It’s hard to ignore the first thought that came to mind when the iPad was announced.  It’s a huge iPhone (or iPod Touch) with 3G data.  Clearly, both devices have been in development for years. In 2007, Steve said the iPhone was two and half years in the making.  The iPad is really no different.  So is the iPad a huge iPhone or is the iPhone a small iPad?

fingerworksRumors of both an Apple Tablet and an Apple Phone date way back towards the first half of the 2000s.  After the success of several versions of the iPod, it became a clear transition to a multi-functional device with phone capabilities.  When the Motorola Rokr was announced back in late 2005, it was essentially Apple testing the waters without really jumping in.  The Newton was Apple’s first true tablet device that did what handheld organizers did years later.  Both of these devices turned out to be flops, nothing that ever really took off.

At some point, Apple developed a vision that would try to make both of these failed projects successful.  Apple had acquired FingerWorks in early 2005, which eventually lead to their deep focus on multi-touch interaction.  Whether Apple intended to use the technology to power a tablet computer or a handheld phone remains to be seen.  It’s not hard to convince yourself that one of these devices is a byproduct of the other.   So which came first?

If you ask me, I’d say the tablet came first.  It’s easiest to imagine a large canvas being manipulated by finger gestures, especially those requiring multiples fingers.  FingerWorks produced large touchpad’s and keyboards that recognized multi-touch.  Was it so farfetched to put a user interface beneath the pad for a more intimate computing experience? If you look at the iPad in it’s current form and compare it to an its desktop counterpart, there are a lot of similarities.  The dock is exactly the same, always accessible on the bottom or one button press away.  Icon or app layout is exactly like you’d find on any desktop.  Essentially, it’s a stripped down version of a desktop operating system, which makes sense considering a tablet is a stripped down desktop device.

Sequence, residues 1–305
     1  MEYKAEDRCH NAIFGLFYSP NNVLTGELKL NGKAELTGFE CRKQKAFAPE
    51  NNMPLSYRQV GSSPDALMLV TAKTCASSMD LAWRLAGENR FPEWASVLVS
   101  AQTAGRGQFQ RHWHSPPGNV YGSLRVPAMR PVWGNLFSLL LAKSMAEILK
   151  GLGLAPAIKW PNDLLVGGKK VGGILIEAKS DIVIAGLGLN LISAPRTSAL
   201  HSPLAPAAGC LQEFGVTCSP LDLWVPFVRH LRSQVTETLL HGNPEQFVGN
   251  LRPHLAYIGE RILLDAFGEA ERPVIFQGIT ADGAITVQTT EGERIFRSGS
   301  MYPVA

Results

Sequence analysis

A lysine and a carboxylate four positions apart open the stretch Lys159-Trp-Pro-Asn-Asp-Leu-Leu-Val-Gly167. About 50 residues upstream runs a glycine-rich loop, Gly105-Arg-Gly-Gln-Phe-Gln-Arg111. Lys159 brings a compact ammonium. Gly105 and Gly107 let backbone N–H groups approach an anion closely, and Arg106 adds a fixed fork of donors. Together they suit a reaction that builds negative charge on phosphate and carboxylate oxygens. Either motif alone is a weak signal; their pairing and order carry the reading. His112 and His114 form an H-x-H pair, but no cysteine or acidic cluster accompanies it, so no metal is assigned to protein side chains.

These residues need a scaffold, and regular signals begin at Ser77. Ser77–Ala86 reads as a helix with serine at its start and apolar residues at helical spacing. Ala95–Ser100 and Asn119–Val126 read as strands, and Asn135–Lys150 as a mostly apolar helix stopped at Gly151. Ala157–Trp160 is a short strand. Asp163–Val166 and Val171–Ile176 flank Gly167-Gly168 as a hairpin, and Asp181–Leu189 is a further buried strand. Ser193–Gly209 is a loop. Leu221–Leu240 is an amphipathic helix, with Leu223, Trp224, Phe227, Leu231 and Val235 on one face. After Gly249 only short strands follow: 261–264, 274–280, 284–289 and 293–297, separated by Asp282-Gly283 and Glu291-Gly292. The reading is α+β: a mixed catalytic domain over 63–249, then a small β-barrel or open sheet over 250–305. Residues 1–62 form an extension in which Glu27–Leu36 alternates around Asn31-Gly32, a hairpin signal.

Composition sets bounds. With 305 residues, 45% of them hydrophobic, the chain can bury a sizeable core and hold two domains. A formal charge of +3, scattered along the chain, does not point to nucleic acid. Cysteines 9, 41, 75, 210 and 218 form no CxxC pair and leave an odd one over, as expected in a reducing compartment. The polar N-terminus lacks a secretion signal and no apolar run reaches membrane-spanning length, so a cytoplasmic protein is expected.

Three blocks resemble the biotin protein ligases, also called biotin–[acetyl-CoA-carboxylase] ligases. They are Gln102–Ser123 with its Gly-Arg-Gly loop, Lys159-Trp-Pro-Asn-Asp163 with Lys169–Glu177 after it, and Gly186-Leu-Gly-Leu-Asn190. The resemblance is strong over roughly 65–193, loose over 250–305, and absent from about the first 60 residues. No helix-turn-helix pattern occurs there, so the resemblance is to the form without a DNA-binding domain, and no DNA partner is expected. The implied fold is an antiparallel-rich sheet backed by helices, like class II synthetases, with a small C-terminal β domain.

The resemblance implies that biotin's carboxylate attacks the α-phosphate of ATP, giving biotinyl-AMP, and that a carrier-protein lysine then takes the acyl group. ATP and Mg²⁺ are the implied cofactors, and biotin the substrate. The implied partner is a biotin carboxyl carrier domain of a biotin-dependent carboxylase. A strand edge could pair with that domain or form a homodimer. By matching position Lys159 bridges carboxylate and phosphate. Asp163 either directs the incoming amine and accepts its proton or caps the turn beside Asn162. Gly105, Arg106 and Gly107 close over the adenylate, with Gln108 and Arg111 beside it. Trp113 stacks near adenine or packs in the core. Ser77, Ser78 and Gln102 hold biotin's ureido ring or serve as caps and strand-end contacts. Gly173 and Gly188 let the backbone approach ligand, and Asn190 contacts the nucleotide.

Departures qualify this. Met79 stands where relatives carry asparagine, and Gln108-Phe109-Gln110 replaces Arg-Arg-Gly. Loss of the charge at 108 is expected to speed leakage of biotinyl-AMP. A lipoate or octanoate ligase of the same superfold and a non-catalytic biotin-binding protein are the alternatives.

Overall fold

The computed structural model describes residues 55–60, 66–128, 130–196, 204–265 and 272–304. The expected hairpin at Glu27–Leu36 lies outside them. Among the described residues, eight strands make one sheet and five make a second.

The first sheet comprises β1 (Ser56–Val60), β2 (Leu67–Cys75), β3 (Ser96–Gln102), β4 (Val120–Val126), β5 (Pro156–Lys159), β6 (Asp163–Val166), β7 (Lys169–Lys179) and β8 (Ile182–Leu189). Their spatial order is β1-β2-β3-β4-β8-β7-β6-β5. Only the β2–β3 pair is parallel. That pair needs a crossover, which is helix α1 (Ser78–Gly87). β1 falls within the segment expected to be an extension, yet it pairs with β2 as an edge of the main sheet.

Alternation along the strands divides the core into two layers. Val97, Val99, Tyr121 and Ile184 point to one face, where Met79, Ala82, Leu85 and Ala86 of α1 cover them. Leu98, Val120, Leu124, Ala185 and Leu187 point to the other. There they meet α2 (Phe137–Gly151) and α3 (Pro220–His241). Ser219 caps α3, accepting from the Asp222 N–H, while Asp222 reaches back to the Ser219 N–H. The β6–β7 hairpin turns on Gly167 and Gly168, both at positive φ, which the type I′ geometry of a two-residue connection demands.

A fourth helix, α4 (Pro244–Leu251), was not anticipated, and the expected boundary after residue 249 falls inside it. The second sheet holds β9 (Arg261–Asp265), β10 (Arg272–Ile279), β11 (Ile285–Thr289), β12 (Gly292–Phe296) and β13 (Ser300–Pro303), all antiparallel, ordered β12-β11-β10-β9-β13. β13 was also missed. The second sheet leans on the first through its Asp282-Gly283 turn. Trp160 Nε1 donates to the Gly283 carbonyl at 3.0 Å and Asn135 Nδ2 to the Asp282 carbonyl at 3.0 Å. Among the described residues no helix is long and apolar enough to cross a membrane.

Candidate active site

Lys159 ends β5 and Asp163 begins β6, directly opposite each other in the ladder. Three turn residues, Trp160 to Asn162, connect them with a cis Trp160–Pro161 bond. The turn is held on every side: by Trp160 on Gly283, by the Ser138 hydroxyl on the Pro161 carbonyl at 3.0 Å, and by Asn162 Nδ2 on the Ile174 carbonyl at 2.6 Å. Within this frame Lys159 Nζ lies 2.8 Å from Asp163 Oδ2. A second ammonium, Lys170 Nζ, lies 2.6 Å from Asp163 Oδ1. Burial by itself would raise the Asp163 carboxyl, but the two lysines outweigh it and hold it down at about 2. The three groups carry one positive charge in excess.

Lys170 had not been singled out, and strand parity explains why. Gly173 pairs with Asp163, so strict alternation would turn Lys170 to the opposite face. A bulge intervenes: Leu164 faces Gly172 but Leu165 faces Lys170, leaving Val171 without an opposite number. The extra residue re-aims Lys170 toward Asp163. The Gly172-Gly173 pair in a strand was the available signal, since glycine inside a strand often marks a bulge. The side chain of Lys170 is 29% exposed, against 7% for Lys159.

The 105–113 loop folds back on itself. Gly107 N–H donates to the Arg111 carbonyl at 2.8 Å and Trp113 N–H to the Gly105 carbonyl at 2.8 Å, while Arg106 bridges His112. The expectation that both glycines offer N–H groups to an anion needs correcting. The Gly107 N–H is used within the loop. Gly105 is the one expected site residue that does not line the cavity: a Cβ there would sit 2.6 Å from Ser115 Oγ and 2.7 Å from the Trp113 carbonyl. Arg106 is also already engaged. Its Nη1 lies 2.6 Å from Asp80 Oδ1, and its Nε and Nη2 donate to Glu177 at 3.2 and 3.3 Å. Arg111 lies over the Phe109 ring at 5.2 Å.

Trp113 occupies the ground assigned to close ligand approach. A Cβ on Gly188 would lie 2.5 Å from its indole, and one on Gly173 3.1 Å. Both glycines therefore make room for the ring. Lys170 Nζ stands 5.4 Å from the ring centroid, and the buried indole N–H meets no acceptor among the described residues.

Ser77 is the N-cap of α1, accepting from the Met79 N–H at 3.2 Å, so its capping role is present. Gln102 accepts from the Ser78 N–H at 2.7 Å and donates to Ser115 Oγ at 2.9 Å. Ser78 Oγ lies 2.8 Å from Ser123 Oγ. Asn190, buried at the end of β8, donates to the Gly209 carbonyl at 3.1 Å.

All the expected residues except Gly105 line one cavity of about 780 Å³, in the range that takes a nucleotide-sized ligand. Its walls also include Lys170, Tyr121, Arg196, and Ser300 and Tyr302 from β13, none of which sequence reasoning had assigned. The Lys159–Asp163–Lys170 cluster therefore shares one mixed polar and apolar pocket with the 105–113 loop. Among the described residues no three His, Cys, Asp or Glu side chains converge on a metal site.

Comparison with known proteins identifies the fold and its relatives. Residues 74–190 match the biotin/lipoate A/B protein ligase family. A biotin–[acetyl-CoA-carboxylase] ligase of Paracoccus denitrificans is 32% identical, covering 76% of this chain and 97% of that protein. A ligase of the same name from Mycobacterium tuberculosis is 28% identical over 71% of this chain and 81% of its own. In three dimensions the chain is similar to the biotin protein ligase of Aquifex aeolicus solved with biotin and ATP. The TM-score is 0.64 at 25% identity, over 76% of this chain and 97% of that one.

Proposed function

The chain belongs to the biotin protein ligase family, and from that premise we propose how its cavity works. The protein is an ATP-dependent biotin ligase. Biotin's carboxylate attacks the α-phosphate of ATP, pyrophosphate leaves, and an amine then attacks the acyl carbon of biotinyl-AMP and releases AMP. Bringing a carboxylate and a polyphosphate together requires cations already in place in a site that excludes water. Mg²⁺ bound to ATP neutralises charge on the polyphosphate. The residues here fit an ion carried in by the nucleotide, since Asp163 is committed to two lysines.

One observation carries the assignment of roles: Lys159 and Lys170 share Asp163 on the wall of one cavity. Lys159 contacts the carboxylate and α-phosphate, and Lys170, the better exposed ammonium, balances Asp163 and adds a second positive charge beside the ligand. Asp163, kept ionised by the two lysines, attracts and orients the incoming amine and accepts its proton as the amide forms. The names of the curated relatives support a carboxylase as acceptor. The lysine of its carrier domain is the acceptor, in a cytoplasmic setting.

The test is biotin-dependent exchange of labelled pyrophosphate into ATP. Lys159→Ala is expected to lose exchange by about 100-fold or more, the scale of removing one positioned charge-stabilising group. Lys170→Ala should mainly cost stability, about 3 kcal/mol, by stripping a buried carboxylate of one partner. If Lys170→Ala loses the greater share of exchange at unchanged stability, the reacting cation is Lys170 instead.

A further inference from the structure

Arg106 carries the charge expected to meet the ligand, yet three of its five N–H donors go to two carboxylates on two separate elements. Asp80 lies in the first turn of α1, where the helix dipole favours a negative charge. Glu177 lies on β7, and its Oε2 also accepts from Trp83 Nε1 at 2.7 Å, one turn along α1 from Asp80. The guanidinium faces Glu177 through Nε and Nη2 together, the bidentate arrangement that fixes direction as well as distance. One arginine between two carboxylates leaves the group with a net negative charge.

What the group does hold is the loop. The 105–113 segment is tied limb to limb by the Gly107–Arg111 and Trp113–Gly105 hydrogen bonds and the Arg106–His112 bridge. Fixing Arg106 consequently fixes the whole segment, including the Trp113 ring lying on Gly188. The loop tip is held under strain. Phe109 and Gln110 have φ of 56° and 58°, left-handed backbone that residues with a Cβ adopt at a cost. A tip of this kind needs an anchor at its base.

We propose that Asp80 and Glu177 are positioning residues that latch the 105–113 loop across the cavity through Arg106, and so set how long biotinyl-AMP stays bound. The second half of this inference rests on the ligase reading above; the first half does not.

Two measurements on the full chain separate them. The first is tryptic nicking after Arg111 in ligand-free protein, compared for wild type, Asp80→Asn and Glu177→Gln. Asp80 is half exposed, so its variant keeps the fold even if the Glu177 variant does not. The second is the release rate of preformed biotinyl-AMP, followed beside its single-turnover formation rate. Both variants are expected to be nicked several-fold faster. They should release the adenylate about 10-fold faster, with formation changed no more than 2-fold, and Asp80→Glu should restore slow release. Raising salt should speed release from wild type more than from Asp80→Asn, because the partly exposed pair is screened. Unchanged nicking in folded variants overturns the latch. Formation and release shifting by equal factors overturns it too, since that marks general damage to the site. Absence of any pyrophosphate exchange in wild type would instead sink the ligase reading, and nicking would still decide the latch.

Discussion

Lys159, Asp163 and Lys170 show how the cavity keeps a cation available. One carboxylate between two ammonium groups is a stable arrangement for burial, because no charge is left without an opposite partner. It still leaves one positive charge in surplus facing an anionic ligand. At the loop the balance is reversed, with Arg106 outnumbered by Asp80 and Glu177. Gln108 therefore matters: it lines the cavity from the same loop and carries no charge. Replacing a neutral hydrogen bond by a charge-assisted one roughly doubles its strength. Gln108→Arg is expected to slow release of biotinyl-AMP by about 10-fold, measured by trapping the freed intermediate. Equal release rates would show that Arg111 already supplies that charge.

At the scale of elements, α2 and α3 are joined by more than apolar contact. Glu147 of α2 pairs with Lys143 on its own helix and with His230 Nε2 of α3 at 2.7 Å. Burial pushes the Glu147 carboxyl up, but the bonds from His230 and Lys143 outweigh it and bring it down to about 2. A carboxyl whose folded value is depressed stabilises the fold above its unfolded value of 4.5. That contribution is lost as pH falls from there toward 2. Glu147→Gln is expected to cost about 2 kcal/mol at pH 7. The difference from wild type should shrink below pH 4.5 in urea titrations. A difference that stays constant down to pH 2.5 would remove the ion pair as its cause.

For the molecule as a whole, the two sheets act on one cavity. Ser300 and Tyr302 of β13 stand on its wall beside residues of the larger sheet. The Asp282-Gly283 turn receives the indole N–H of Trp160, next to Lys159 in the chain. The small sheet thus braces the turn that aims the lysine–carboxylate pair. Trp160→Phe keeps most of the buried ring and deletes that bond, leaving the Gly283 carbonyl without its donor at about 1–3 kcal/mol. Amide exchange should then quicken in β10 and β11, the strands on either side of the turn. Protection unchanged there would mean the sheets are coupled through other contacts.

Perhaps the product categories play a factor here.  The phone industry is one that had already been established. There was a strong market for a powerful phone, something nobody else had done.  The tablet, however, doesn’t really fit into place.  Typically, they’re supposed to compete with laptops but lack the power and input that comes with a larger computer and keyboard.  Like many arguing today that there’s no problem for which a tablet is the solution.  I can’t help but think that they had developed this multi-touch system but releasing it onto a device with no established market would prevent it from seeing the success the iPhone has.  Instead, they shrunk the tablet into what we now know as the iPhone, a brilliant accident that stemming from a tablet.

When you think of the iPhone as a smaller iPad, the idea actually makes sense.  Reversed, it’s a bit more of a stretch. Ultimately, the order in which the iPhone and iPad were released has created a feeling leaning towards the latter. Which do you think came first?  Was it a mistake to put the iPhone before the iPad?  Share your thoughts below.